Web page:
About the Holiday
Today’s holiday was established in 1972 by President Richard Nixon to honor the men and women who inspire us to work harder and do our best in many of life’s pursuits. Coaches help us develop a good work ethic, learn how to work as a team, and learn how to focus and achieve goals. Sometimes our most influential coaches can be surprising—as you’ll see in today’s book.
By Rob Justus
Kid Coach knew a challenge when he saw it. And he saw a couch-potato sized challenge lying in his own living room with soda in one hand and a computer, a tablet, and a phone all streaming a different wrestling match in the other. And…yeah…there was a bowl of peanuts there too. Was Kid Coach up to the task of turning this marshmallow into a champion? He thought yes and dragged his dad away from all the distractions.
Kid Coach started his dad’s strength training with simple push-ups and an itty-bitty bar bell. But soon those “small wins” led to “bigger challenges and major wins” until Kid Coach and Dad were ready to “wrangle big guys, bad guys, bald guys, (and a scary guy with tattoos of big, bad, bald guys!) in the grandest arena of them all”—the “Wrestle-Rumble Mania Kingdom Tournament of Champions.”
The competition is fierce, but Dad “snaps into action” and soon those big, bad, and bald guys in their fancy costumes are being flipped, chopped, and tied into knots. Kid Coach cheers him on, whistling and clapping, until he begins to notice something. “Dad starts to dance a little too long, celebrate a little too much, and rudest of all…he won’t even shake hands! Instead of making friends, Dad’s leaving the other wrestlers sad and mad.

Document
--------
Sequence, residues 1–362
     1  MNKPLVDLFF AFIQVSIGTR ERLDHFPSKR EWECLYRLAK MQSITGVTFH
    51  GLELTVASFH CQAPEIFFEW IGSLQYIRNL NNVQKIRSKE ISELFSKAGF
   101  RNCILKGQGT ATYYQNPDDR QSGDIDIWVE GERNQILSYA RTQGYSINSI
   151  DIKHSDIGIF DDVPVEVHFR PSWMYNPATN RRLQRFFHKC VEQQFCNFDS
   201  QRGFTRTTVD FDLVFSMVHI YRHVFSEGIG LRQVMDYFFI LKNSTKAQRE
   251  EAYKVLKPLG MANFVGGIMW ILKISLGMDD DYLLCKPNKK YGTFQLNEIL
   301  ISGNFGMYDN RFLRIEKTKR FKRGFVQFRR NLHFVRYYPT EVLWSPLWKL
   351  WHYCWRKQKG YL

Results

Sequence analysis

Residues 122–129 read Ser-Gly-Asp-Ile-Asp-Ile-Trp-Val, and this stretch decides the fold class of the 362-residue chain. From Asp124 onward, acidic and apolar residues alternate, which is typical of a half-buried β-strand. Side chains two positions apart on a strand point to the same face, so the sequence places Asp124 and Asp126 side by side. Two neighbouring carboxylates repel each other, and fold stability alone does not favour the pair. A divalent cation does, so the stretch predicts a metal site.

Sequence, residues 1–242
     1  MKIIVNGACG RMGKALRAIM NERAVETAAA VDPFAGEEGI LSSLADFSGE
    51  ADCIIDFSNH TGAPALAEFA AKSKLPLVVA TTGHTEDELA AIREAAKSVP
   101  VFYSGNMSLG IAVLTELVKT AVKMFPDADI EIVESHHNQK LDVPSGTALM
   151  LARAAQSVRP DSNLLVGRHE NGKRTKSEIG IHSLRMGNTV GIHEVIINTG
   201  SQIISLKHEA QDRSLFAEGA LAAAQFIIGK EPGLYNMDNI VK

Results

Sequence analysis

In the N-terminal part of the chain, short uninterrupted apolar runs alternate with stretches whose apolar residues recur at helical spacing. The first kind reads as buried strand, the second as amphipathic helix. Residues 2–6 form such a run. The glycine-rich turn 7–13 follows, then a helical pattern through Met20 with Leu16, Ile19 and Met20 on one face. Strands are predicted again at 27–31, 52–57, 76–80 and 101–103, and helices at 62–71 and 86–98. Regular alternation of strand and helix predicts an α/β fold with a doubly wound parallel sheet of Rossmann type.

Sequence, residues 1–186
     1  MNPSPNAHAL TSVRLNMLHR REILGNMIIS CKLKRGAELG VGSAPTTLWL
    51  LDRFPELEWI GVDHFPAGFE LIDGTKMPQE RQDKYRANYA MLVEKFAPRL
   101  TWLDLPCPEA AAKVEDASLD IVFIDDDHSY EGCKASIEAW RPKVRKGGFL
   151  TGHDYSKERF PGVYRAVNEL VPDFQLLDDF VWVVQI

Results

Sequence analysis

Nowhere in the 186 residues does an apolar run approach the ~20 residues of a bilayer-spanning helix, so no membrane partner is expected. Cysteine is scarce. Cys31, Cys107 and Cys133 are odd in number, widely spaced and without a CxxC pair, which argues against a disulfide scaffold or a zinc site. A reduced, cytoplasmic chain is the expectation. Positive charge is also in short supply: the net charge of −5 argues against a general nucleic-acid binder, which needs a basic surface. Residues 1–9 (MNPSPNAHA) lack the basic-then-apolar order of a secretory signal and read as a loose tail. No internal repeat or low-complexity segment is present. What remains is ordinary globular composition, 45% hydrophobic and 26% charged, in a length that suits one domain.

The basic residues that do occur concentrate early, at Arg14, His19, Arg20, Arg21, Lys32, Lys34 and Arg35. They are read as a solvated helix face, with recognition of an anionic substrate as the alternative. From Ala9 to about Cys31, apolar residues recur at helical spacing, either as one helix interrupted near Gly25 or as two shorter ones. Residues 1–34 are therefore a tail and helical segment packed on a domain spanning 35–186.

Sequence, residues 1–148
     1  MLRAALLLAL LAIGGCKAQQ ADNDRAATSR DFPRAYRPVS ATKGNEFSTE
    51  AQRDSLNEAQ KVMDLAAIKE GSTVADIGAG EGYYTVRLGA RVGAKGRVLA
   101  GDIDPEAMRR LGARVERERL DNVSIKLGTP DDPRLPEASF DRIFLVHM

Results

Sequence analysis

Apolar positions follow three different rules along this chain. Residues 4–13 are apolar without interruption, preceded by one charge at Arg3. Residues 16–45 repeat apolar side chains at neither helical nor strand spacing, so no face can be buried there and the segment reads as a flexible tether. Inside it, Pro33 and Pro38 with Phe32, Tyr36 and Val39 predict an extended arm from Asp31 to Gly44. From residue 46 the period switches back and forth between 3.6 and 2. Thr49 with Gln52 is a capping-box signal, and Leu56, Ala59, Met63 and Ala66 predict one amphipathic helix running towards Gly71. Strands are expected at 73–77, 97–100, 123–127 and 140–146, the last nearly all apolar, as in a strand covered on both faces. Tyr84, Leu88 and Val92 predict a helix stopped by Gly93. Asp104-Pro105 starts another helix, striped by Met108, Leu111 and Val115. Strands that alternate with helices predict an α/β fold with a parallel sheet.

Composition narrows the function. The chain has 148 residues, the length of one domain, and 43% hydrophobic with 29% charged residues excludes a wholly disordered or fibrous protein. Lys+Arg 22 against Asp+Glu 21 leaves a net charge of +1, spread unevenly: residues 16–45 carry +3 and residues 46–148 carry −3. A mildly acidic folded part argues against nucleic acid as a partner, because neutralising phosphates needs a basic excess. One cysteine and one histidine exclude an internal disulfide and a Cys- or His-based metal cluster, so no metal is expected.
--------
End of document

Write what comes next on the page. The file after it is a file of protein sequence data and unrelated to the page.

That’s when Kid Coach does some soul-searching and realizes he didn’t teach his dad everything about being a true champion. A real champion, he knows, is a leader, someone who inspires others, and “most of all, they make everyone feel like a winner.” By now, Dad was feeling kind of bad himself for being so insensitive. Kid Coach gave him a hug, and the two of them tried to make amends. But the other wrestlers didn’t want flowers, and they weren’t interested in high-fives. So, Dad dug deep and came up with…a “sincere apology” and…a jumbo bag of chips! Now all those frowns are smiles and everyone’s having a blast in the ring.
Rob Justus reminds children about good sportsmanship and the qualities that make for a true champion in his visually exhilarating story. Kids will be all in with the couch-potato twist in which a child physically drags his dad—who holds on for dear life—from his leisurely pursuits.
Images of this noodle-thin dad in his flashy robe going up against some real heavy-weights will have kids giggling, and his over-the-top self-celebrations will elicit plenty of laughs (and probably copycats too.) But Justus doesn’t let this behavior go without showing its effects on the other wrestlers—and ultimately on Dad too. As Kid Coach and his dad try to mend fences, kids will see that gifts and token gestures aren’t as meaningful as a straightforward apology. The loving relationship between the boy and his dad is a highlight of the story, and will have readers—kids and adults—engaging in some rough and tumble and plenty of snuggles.
For rough-and-tumble fun story times—especially for dads and kids—with an inspirational life lesson, Kid Coach would be an often-asked-for addition to home, school, and public library collections.
Ages 4 – 8
Page Street Kids, 2020 | ISBN 978-1624148866
To learn more about Rob Justus and see a portfolio of his work, visit his website.
National Coaches Day Activity
Best Dad Coloring Page
Good coaches win lots of trophies, and there’s no better coach than Dad! Let your dad know what a great coach he is with this printable coloring page!
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